Ratio of Debt to Income
Lenders use a ratio called "debt to income" to determine the most you can pay monthly after your other monthly debts are paid.
How to figure the qualifying ratio
Most conventional loans need a qualifying ratio of 28/36. FHA loans are less restrictive, requiring a 29/41 ratio.
The first number in a qualifying ratio is the maximum percentage of your gross monthly income that can go to housing costs (including mortgage principal and interest, PMI, hazard insurance, property tax, and HOA dues).
The second number is what percent of your gross income every month that can be spent on housing expenses and recurring debt together. Recurring debt includes things like auto loans, child support and monthly credit card payments.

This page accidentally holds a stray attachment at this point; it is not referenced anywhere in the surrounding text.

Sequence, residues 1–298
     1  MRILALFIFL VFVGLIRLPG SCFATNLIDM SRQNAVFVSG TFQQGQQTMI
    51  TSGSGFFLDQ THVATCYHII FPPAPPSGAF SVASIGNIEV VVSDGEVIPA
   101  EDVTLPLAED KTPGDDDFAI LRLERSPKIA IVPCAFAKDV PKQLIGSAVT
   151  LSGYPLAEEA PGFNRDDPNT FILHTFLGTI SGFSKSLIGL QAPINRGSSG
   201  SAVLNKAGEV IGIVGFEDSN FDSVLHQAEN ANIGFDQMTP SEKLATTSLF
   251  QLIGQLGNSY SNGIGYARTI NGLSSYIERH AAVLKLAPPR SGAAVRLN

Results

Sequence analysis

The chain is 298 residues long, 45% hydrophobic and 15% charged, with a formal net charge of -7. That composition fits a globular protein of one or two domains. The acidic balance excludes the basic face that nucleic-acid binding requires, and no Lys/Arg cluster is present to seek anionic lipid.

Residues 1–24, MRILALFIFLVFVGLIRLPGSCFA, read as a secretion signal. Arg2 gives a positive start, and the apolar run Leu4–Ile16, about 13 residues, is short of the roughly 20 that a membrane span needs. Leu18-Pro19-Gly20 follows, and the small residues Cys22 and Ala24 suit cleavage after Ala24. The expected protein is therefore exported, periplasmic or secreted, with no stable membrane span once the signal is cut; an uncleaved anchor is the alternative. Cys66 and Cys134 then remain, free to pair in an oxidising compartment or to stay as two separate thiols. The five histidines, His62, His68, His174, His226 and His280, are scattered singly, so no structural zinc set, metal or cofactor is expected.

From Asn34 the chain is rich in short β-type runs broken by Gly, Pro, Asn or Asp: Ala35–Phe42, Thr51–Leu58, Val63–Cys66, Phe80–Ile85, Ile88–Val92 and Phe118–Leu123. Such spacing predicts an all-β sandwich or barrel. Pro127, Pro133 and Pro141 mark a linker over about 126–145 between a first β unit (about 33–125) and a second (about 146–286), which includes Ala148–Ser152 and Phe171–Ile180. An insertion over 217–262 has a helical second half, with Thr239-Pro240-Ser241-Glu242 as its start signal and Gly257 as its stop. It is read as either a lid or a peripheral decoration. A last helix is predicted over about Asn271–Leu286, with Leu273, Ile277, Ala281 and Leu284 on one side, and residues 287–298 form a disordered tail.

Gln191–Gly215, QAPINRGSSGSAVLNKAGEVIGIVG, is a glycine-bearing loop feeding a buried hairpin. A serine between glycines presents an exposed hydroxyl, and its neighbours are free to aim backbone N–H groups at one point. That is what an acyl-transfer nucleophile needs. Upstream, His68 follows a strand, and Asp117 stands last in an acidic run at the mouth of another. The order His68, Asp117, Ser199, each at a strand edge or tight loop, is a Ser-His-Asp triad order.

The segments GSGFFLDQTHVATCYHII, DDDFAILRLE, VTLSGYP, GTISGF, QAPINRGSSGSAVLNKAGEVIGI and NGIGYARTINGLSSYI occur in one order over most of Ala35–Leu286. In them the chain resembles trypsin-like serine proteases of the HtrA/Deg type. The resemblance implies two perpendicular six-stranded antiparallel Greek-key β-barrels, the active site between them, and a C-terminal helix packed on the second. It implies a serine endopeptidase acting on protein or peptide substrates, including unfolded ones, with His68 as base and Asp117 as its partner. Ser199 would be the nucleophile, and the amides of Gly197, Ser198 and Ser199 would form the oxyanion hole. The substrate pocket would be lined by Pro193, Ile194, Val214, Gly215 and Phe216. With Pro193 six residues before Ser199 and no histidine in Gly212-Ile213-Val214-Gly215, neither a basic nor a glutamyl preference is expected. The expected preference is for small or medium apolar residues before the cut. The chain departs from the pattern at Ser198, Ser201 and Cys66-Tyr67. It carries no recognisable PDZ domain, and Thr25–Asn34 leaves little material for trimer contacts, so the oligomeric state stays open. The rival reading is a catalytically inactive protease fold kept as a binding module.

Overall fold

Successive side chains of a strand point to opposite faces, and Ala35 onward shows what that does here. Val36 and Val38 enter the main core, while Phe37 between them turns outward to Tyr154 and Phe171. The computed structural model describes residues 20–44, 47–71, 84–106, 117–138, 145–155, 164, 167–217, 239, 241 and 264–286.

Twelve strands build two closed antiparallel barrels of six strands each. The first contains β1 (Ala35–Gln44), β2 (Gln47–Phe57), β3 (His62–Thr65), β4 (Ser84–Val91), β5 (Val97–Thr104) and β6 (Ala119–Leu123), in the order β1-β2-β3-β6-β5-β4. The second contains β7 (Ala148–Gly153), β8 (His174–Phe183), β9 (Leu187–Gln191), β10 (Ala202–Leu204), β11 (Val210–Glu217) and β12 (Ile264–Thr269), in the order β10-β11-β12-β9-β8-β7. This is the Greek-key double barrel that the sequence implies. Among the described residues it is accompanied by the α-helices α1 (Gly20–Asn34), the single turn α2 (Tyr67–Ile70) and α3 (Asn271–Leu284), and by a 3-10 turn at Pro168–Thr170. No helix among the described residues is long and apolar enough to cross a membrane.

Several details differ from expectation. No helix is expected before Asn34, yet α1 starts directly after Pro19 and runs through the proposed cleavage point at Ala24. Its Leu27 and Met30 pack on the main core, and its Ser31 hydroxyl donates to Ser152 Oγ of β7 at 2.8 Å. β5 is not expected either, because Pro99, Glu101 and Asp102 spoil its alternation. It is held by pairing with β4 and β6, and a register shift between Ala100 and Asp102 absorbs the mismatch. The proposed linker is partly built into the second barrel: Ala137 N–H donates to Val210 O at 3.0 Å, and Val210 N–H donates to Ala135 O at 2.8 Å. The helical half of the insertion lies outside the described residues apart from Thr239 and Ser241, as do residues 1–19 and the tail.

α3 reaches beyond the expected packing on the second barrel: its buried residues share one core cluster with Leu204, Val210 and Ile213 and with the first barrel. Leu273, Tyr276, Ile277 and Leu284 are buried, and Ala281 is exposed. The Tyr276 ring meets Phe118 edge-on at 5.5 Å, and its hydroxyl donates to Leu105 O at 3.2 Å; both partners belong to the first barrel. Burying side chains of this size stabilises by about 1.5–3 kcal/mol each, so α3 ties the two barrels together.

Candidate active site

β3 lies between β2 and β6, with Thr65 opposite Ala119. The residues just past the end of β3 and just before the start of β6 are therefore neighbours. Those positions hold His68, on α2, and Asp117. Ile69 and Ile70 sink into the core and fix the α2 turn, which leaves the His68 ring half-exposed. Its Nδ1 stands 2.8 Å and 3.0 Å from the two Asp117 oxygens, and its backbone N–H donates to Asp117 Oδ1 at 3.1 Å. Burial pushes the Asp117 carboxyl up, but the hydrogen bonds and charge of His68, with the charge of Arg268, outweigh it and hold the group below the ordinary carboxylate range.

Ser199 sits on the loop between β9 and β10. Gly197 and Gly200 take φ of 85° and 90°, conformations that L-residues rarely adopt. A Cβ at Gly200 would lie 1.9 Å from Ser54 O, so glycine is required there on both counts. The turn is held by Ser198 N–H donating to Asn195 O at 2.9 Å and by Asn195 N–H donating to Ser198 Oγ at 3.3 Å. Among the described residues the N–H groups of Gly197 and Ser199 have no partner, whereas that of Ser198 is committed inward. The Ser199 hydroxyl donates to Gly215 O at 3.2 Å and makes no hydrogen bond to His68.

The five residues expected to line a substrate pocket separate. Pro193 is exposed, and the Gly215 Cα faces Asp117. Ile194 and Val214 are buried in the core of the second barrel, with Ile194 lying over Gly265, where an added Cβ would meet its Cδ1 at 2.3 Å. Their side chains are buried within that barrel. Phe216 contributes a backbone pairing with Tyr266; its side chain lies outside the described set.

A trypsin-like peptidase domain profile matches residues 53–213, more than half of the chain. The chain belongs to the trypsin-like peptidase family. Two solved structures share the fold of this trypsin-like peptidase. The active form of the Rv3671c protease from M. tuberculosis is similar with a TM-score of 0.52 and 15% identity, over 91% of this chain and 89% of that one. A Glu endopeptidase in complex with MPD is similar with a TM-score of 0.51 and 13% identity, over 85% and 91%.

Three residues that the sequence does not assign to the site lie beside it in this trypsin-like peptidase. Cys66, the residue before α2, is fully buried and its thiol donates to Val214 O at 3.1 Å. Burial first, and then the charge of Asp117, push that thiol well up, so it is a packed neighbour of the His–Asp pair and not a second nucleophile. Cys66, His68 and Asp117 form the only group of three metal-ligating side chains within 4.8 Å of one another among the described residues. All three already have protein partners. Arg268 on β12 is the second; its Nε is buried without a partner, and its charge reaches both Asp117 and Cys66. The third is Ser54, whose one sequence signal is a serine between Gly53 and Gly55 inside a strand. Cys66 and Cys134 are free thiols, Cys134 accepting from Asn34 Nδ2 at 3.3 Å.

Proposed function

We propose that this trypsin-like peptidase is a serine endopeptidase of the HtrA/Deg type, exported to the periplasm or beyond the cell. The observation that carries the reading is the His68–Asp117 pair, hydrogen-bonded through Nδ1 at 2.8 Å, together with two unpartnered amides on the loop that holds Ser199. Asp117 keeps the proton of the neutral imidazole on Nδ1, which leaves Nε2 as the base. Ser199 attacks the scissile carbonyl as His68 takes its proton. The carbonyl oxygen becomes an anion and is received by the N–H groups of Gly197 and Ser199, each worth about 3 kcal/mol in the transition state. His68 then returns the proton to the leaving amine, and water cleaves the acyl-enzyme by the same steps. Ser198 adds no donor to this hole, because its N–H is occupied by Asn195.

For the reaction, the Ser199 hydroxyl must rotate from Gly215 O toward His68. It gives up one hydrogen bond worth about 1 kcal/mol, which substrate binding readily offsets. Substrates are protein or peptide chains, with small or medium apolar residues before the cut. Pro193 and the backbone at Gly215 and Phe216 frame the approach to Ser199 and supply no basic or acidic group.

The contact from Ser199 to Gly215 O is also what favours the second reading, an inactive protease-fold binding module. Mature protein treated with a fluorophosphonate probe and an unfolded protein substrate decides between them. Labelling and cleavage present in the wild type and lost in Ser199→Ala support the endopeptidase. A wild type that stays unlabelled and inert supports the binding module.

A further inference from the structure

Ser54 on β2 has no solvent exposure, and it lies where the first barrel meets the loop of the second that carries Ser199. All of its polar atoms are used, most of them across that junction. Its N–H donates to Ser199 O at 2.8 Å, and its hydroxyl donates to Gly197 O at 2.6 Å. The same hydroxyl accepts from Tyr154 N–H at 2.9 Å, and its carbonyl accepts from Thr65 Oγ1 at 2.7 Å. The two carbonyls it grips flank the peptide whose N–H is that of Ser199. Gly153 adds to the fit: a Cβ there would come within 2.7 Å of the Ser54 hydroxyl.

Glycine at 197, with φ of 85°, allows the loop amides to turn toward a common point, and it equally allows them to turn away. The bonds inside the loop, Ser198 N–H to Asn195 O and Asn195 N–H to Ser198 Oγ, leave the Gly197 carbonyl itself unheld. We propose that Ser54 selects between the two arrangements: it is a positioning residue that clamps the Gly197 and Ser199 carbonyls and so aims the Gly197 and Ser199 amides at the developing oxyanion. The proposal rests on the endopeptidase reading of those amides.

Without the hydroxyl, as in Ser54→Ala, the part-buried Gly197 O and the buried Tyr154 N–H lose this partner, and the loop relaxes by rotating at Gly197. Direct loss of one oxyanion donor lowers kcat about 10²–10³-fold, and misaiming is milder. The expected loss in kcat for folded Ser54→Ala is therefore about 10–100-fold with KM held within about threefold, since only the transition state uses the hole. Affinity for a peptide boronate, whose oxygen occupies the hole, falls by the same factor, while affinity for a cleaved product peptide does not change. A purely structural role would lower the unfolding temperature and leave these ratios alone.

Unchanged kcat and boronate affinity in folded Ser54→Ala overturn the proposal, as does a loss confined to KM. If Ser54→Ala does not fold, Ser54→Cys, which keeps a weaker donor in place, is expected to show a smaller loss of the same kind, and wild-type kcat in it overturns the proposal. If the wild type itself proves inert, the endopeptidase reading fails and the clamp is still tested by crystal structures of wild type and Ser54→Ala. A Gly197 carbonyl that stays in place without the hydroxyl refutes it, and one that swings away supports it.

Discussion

Some example data:
With a 28/36 ratio
- Gross monthly income of $2,700 x .28 = $756 can be applied to housing
- Gross monthly income of $2,700 x .36 = $972 can be applied to recurring debt plus housing expenses
With a 29/41 (FHA) qualifying ratio
- Gross monthly income of $2,700 x .29 = $783 can be applied to housing
- Gross monthly income of $2,700 x .41 = $1,107 can be applied to recurring debt plus housing expenses
If you'd like to run your own numbers, feel free to use our very useful Mortgage Pre-Qualification Calculator.
Remember these are only guidelines. We will be happy to help you pre-qualify to determine how large a mortgage you can afford.
Executive Lending Group can answer questions about these ratios and many others. Call us: 4056158543.